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Kidadl Team

AUGUST 11, 2021

Did You Know? 19 Incredible Tumble Bug Facts

Tumble bug facts on a dung beetle.

Globally there are about 7 million species of terrestrial arthropods in the world. Tumble bugs are popularly known as part of the dung beetles family, which comprises 5000 species. A tumblebug is a small dark-colored beetle that is usually spotted around the fecal matter of cows or other carnivorous animals. Their outer coat is shiny with a think-looking coat covering most of their body. They often get squished by larger species and their scientific name is Canthon spp.

Tumblebugs are scarab beetles that are not an endemic species. They are found in all regions of the world except Antarctica and are usually spotted near grasslands and desert habitats. These dung beetles pose no significant threat to humans and don't attack or transmit diseases. Some species of tumblebugs are known to roll dung into balls and use this both as a source of food as well as a breeding chamber where they bury their eggs.

For more interesting content, check out some facts about the giant water bug and the wheel bug.

Tumble Bug Interesting Facts

What type of animal is a tumble bug?

The tumble bug is a type of dung beetle that belongs to the Kingdom Animalia, the order Coleoptera, and the family Scarabaeidae.

What class of animal does a tumble bug belong to?

The tumble bug (Canthon spp.) is a type of insect or scarab beetle that belongs to the class Insecta, the family Scarabaeidae, and the genus Canthon.

How many tumble bugs are there in the world?

The tumble bug's population in the world has not been counted, so their exact population is not known.

Where does a tumble bug live?

Tumble bugs live in desert habitats, grasslands, and regions near farms as well. They are seen in Mexico and the United States as well in other parts of the world.

What is a tumble bug's habitat?

A tumble bug's habitat constitutes deserts and grasslands as well as forests of various kinds. They are predominantly seen in Mexico and in the United States. They make efficient use of the waste secreted by animals and are resourceful creatures.

Who do tumble bugs live with?

A tumble bug is typically solitary, however, its likely you will spot more than one if you find a tumble bugs' ball. They coexist with other species in the wild.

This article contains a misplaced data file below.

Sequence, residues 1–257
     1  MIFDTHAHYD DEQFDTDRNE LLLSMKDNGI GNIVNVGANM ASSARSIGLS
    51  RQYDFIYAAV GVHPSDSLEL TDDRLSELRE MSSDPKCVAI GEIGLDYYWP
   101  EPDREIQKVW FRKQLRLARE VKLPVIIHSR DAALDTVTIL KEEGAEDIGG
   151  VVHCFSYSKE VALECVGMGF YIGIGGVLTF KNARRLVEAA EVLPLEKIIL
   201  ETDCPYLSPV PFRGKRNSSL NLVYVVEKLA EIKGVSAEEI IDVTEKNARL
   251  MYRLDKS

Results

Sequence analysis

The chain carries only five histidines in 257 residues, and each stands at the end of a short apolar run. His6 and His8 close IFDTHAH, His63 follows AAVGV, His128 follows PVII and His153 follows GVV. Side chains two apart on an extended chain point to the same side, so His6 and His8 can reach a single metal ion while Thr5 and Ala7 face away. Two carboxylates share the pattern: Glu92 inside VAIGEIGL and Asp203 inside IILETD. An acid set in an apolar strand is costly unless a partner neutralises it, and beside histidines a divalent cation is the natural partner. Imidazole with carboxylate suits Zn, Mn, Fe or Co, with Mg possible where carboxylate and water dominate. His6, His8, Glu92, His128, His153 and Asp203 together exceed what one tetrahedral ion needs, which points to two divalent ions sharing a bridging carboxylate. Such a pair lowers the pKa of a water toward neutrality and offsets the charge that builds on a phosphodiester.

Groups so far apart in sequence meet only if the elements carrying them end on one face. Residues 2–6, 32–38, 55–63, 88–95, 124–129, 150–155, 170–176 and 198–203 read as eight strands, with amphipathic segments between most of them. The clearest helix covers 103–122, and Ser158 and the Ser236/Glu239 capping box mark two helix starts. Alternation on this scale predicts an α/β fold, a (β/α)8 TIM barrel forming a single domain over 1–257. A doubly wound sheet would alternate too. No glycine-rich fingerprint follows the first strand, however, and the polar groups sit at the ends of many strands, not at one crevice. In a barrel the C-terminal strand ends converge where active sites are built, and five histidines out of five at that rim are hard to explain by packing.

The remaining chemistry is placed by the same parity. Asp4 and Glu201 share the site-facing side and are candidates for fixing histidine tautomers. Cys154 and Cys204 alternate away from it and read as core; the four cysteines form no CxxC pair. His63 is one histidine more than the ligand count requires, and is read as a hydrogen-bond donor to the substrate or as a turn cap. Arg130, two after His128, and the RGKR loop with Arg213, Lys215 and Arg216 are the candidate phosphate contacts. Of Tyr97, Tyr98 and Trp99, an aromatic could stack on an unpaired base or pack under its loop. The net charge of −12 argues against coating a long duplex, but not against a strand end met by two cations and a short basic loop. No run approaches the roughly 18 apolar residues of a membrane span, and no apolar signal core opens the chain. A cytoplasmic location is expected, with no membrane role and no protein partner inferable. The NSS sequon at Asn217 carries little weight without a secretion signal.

How long does a tumble bug live?

A tumble bug is an insect and its lifespan is not evaluated however they live a relatively shorter lifespan than other animals. A queen termite is the oldest living insect in the world, with some scientists estimating that this termite lived for 100 years!

How do they reproduce?

Adult tumble bugs try to roll a ball of dung larger than themselves across the ground. The process, although complicated and cumbersome for these small species is admirable. Females usually push from above while males push from below. Once the poop or dung is rolled the female lays a fertilized egg onto the round heap that is also popularly referred to as a brood ball. This acts both as a nest for the juvenile and food for them as well after hatching. They approximately lay 10-80 eggs per clutch and bury them in the dung ball.

What is their conservation status?

These dung beetles' conservation status is Not Evaluated by the International Union for Conservation of Nature (IUCN).  

Tumble Bug Fun Facts

What do tumble bugs look like?

A tumble bug or dung beetle is a small-sized insect. They have an overall dark-colored appearance as their outer shell constitutes brown, black and in some instances metallic blue or purple colors as well. Male and female species are similar in appearance at first, however, if observed closely a male has a tooth-like projection on its back. These dung beetles' jaws are large. They have short antennae and their jaws are large and visible. They have strong legs with hind legs that they use to push the ball forward. They use their legs for movement as well and they have a total of six legs.

Tumble bugs are small-sized insects that roll up dung balls in order to feed as well as use them as a breeding ground.
*Please note that this image is of a forest dung beetle, not a tumble bug. If you have an image of a tumble bug please let us know at [email protected]

How cute are they?

These small-sized beetles (tumblebugs) are cute in appearance specifically considering that they are not harmful. These tumblebugs are specifically admirable when they try to roll dung balls with so much effort.

How do they communicate?

Tumblebugs, similar to other species of insects, communicate via intraspecific communication. This communication can be used by organisms of their own kind as well as others and it is inaudible to the human ear.